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MoMike

02-05-2014 13:24:34
65.202.124.4



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 Re: Corn cribs in reply to Glenn D, 02-05-2014 08:01:46  
Part of the issue is the fact that a lot of the small livestock operations, dairy and beef are no longer going for whatever reason so the need for ground ear corn is fading. JMO



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Bob Bancroft

02-05-2014 13:22:23
67.142.162.27



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 Re: Corn cribs in reply to Glenn D, 02-05-2014 08:01:46  
In the late summers of my youth, when the corn was too big to cultivate, all the grain, straw, and hay was harvested, it was state fair time, and often 100 degrees in the shade, we shelled corn out of the crib, for sale! I was just big enough to keep the shelled corn away from the spout on the truck. The men were in the crib shoveling the ear corn. Always bees nests to deal with in the cribs. Then much later when I started farming I filled some cribs others had quit using. Now I have bins with built in unloading and sweep augers, an elevator leg, etc. I don't miss ear corn at all. Any more than I miss trying to bale dry material right off the ground in this wet climate. Picking corn was like kidney bean harvest- when the weather was nice, it was a treat. When the weather turned against you, it was murder!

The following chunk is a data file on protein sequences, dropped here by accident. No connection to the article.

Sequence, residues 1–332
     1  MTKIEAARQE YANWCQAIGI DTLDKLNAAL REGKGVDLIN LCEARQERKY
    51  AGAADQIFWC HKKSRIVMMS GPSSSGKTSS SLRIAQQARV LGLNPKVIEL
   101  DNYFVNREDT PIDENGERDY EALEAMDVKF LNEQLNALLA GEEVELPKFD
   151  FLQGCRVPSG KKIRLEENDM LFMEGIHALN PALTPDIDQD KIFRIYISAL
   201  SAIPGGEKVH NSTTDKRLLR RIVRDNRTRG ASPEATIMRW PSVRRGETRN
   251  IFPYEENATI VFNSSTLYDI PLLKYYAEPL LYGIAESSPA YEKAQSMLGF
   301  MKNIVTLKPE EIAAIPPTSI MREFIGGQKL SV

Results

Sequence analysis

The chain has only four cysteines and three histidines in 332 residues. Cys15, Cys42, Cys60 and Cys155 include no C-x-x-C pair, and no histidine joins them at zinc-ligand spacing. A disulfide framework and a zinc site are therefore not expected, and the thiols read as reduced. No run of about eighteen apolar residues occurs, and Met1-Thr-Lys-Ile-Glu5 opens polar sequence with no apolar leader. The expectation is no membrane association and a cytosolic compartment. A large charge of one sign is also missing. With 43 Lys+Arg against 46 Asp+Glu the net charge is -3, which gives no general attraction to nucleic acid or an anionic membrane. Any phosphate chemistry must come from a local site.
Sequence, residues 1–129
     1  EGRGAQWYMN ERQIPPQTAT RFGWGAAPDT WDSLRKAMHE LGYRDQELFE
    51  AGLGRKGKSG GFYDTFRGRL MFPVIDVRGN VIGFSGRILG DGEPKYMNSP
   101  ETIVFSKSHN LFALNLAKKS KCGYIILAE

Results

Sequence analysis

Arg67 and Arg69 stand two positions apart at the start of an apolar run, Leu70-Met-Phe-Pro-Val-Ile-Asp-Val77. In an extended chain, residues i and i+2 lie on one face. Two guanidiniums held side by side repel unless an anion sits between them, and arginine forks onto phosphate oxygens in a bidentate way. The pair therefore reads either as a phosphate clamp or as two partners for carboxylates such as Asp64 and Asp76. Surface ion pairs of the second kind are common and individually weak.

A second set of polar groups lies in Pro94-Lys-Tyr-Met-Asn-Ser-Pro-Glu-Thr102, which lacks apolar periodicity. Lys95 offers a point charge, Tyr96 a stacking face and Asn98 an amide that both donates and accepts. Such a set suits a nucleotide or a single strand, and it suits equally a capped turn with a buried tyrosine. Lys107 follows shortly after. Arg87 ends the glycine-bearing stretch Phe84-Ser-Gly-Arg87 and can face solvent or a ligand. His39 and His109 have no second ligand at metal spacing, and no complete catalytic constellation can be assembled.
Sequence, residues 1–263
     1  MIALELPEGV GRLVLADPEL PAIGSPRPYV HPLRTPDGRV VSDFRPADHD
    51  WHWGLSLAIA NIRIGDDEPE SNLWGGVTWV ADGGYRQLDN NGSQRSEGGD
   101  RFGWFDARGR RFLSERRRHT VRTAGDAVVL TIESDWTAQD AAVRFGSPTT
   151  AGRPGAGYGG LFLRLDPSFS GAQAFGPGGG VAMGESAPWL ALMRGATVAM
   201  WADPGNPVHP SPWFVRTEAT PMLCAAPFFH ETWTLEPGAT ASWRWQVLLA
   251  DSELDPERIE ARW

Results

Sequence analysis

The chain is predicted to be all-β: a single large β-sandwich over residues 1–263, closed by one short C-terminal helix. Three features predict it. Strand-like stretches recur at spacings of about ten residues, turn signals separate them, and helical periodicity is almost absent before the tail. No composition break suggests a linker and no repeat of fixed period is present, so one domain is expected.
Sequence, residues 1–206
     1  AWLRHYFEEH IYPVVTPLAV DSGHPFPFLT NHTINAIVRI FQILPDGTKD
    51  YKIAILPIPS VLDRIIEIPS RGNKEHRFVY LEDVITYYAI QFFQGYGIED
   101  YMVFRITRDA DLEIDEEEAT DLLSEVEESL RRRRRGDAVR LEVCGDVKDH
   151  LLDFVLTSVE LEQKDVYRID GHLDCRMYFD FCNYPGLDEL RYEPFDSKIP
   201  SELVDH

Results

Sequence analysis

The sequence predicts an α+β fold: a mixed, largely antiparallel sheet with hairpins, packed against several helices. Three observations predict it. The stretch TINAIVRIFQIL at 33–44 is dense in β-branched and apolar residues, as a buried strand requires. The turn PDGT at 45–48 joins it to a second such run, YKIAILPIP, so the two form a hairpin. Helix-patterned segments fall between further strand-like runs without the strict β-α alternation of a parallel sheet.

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rrlund

02-05-2014 10:11:41
162.250.26.204



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 Re: Corn cribs in reply to Glenn D, 02-05-2014 08:01:46  

I still have several. You can see the one on the side of the toolshed behind the tractors.
It takes quite a Rube Goldberg setup for me to get the danged stuff out and in to the grinder anymore as I get older.

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Formenwhogrow

02-07-2014 09:03:14
206.180.109.86